The NTSB's proposal, issued Tuesday, goes farther than any prior attempt made by the agency to regulate cellphone use by commercial drivers. It came in the wake of a hearing in Washington after ruling that a truck driver using his cellphone caused a crash that killed 11 people on a Kentucky interstate in 2010. Kenneth Laymon, 45, of Jasper had just made a call that lasted one second at the time of the March 26, 2010, accident on Interstate 65 near Munfordville, Ky., investigators said.

The recommendation builds on previous proposals and a push by federal authorities stop commercial drivers from using hand-held cellphones and texting while operating large trucks and buses. The NTSB has previously recommended prohibiting bus drivers from talking on the phone and texting while driving. The U.S. Department of Transportation also has a rule in place barring the use of hand-held phones by commercial truck drivers and similar regulations are in place for pilots, train engineers and boat operators.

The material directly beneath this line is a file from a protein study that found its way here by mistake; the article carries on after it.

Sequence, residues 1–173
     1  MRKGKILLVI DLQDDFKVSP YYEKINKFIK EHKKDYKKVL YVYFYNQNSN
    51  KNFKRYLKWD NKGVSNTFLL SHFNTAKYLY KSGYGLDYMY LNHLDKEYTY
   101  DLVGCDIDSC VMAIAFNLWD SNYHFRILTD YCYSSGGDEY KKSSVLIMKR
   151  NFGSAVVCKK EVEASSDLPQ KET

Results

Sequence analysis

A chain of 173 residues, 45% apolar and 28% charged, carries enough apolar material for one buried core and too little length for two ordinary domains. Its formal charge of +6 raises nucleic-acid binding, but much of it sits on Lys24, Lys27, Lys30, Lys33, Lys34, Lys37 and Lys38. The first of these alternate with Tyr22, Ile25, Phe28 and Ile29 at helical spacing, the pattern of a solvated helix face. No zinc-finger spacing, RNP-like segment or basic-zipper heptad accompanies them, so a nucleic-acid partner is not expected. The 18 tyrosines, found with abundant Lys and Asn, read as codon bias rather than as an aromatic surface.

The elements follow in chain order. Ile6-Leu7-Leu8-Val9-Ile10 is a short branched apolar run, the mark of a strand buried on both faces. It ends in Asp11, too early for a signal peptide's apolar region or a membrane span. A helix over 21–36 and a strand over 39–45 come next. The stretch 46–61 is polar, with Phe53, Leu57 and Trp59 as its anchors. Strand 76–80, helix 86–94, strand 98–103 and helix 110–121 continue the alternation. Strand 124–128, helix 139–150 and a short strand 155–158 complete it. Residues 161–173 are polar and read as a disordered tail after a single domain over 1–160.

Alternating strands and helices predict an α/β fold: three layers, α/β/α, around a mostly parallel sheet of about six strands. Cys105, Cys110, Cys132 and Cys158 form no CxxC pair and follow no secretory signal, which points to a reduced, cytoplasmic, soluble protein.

"This is the most comprehensive recommendation we've made," NTSB chairman Deborah Hersman told The Associated Press.

While support for restrictions on hand-held cellphone use and texting by truck drivers is near universal in the industry, figuring out who should regulate the use of the devices and what kinds of phones should be banned isn't nearly so unanimous.